US moves to smart credit cards in October, 2015. What took so long?

US moves to smart credit cards in October, 2015. What took so long?

Smart Card

MasterCard and Visa have indicated October, 2015 as the timeline for the big shift from swipe and sign credit cards to EMV or smart cards requiring a PIN. The EMV system comes out of an early 1990’s joint project by international payment processors to set standards for smart-card specifications. Most of the world has already adapted this process, but the US is slow to make the transition.
Why has this taken so long? In 2003, Clear Technology was helping a payment processor issue bank smart-cards across much of Eastern Europe and Africa. The cards were in high demand and the processor was under pressure to cut the time from card program request to issuance. More than 10 years has passed and little has changed in the US. There are 3 primary reasons for this. Embedded infrastructure in the old system is a huge drag on new investment. In addition, there is limited need for offline transaction processing. Finally, the main reason is a misunderstanding of the increasing risk to banks and merchants under the old system. How costly is it for a big brand to expose millions of customers to identity theft?
It’s ironic that the main driver of smart-card adoption in many markets was the high rate of fraud. Fraud which predictably has migrated to the US as the smart-card systems made it more and more difficult to succeed in less developed economies.
Transition won’t happen quickly as the road maps issued in 2012 by both Visa and MasterCard show. How many more multiple million ID thefts will occur before 10/15?

It’s Time for an Answer to our Growing Debt

It is past time for a long term solution that stops America’s debt from growing as a percent of GDP. Both sides are offering options that do this, providing ample possibilities for rational people to reach a compromise. We will see if such people have been elected.

The foundation for a deal is there. Now both sides have to come together in the spirit of principled compromise to truly address the country’s long-term finances. For this budget conference, failure should not be an option.

via Every Budget Put the Debt on a Downward Path and This One Should Too | Committee for a Responsible Federal Budget.

Political Parties Playing “Chicken” with American’s Well Being


There are many reasons why we must prevent going off the cliff. Some continue to argue the poor will do better under the cliff scenario than any other. That’s not true and here are some arguments for why the poor will do better under plans such as Simpson-Bowles and Domenici-Rivlin.

Simpson-Bowles and Domenici-Rivlin plans reduce rates, but raise substantial net revenue in a more progressive way than under the fiscal cliff. Going over the fiscal cliff increases tax rates and cuts tax credits, which according to Tax Policy Center, will reduce the aftertax income of the bottom quintile by almost 4 percent, and the second quintile by over 4 percent.

The fiscal cliff does not address Social Security, which would lead to beneficiaries receiving a benefit cut of 25 percent in 2033 if no action is taken. This must be prevented and both the Simpson-Bowles and Domenici-Rivlin plans do that with a combination of new revenue and new minimum benefits which protect and in some cases enhance benefits for low-income beneficiaries.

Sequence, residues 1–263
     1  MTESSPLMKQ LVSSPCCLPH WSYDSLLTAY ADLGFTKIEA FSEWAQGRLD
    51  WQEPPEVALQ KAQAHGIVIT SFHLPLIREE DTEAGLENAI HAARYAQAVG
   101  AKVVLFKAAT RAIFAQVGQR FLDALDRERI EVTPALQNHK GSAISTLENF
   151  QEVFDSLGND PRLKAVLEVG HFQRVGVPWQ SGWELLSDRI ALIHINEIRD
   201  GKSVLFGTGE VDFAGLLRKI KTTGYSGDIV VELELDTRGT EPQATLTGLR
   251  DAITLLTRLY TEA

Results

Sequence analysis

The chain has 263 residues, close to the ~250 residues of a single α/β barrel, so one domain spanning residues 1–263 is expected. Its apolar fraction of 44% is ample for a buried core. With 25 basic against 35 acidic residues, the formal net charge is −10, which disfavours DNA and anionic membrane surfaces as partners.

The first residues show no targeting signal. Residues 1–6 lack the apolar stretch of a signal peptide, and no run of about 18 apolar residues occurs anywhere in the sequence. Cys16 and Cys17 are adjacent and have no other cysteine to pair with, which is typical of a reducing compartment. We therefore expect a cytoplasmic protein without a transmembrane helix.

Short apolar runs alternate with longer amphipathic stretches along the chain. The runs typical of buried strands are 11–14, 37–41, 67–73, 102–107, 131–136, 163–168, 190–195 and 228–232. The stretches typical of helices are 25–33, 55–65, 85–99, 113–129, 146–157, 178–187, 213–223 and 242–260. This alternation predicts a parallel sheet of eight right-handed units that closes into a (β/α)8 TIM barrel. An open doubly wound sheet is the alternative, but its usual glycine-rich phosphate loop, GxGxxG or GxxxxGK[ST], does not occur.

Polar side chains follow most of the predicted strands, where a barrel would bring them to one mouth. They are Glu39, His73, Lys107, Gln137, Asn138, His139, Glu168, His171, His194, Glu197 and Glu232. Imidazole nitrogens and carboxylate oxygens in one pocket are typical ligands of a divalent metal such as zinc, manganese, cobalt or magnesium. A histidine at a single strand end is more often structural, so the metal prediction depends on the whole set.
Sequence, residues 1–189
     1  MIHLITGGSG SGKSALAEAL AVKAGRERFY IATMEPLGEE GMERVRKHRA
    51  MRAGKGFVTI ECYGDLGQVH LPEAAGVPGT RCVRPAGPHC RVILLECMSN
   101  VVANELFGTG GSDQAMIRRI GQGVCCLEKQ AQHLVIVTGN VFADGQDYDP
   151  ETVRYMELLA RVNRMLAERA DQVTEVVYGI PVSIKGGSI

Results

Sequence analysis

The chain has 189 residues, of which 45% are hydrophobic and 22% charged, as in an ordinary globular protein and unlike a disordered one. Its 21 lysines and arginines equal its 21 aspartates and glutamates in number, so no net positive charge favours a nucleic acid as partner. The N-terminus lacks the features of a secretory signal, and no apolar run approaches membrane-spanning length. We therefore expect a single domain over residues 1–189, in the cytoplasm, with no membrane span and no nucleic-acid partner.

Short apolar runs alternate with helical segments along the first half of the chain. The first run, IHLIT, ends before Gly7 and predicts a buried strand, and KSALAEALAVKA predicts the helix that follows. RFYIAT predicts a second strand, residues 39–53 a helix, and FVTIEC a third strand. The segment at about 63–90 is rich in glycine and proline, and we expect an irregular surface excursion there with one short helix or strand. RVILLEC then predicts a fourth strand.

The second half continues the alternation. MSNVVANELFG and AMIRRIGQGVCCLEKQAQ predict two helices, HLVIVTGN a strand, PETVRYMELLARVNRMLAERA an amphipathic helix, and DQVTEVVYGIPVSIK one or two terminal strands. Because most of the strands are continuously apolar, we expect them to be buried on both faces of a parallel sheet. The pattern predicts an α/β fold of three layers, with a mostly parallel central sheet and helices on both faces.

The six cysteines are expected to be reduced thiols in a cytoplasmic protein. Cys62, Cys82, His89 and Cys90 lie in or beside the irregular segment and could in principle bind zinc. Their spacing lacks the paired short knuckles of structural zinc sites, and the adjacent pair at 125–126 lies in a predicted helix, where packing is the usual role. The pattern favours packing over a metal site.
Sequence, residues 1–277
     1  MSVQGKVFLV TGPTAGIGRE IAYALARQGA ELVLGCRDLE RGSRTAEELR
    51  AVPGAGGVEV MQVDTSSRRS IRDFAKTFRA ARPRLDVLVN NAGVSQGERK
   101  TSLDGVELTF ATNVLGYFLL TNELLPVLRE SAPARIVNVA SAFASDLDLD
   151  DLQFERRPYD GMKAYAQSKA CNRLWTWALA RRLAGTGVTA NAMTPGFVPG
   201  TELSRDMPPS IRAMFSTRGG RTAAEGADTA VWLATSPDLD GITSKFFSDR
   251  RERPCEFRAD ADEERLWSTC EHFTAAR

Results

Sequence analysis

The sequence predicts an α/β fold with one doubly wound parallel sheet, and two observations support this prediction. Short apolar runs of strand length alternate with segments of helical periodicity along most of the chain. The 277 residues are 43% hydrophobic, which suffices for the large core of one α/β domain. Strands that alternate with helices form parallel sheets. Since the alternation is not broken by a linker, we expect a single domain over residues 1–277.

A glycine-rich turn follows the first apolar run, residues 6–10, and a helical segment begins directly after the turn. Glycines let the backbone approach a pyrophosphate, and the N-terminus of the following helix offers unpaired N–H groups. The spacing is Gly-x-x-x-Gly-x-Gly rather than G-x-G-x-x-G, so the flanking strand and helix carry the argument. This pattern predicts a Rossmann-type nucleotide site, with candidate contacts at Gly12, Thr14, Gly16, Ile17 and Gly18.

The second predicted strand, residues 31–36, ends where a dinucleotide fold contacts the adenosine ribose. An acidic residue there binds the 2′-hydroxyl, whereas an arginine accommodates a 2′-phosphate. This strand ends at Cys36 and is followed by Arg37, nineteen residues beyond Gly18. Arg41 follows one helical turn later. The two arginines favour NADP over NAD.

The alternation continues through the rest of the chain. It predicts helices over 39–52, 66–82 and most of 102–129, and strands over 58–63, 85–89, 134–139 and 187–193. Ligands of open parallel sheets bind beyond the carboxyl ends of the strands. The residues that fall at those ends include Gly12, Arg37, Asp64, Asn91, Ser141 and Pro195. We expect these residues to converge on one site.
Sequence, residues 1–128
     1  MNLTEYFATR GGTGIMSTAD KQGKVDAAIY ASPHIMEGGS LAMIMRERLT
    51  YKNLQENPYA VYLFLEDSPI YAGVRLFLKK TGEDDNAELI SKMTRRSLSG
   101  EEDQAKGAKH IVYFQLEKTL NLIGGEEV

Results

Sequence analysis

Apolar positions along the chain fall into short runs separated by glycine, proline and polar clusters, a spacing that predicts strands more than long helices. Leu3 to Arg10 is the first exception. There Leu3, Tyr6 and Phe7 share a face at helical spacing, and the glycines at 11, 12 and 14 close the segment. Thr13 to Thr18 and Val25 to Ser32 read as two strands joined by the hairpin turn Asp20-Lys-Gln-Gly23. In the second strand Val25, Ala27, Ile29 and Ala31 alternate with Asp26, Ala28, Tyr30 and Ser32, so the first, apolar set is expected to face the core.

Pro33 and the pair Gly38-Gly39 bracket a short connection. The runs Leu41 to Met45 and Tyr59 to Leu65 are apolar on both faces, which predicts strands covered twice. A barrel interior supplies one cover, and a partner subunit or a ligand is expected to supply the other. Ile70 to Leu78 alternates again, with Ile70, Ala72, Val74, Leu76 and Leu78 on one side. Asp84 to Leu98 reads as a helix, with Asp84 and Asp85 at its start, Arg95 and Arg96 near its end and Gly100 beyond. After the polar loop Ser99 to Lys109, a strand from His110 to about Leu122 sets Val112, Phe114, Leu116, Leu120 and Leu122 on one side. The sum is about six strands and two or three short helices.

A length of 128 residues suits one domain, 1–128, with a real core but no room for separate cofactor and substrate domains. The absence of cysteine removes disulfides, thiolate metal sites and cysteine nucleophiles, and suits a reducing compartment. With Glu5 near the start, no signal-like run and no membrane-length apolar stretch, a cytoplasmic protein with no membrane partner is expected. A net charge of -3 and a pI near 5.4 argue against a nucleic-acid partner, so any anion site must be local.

Corporations making “Cliff” decisions

Corporations are being impacted by the delay in getting a debt deal completed.  The WSJ reported today that the uncertainty is driving some corporation to delay investments.  “We’ve pulled back on our capital planning for 2013,” Ellen Kullman, chairman and CEO of chemical maker DuPont , said in comments to the conference in New York on Tuesday. “We can’t in good conscience put that money into the ground and create new plant sites or make improvements to our existing plants if we don’t think the return is going to be there soon enough, so we’re taking a wait and see attitude,” she added.

CNN Money is reporting that other companies are speeding up their payout of dividends, as some speculate dividend receipts will be taxed in 2013.  “Wal-Mart (WMTFortune 500) became one of the largest companies to take action recently. The world’s top retailer said last week that it planned to pay its fourth-quarter dividend in late 2012, rather than early 2013.”


Can Lower Corporate Taxes and Infrastructure Save the Economy

Fareed Zakaria in his Time article How Lower Corporate Taxes and Infrastructure Can Save the Economy suggest they can indeed.  Borrowing low corporate tax rates, investment incentives, and a shift to a territorial tax system from Fed-Ex‘s Fred Smith, Zakaria adds government investment in infrastructure improvement to his economic plan.

Right now, because of tax and other policies, Smith notes, “if you have a dollar to invest, you are better off investing that dollar someplace other than the United States.”

Great ideas, but they must come with a long-term plan to address the US’s looming debt problem. We can’t fix it immediately without a terrible shock to a weak economy. At the same time, the problem becomes harder to correct every day.  Meanwhile, Congress continues to play politics while the clock is ticking and the cliff looms closer and closer.


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Gartner Predicts 2012 IT Spending Growth Slows

Gartner’s newest IT spending forecast shows the march to digitalization slowing — on pace to reach $3.628 trillion in 2012 and $3.786 trillion in 2013. That is only an estimated 3 percent and 4.4 percent increase compared to the the $3.523 trillion spent last year in 2011, which was 7.9 percent growth compared to 2010.

via Gartner says 2012 IT spending will surpass $3.6 trillion worldwide.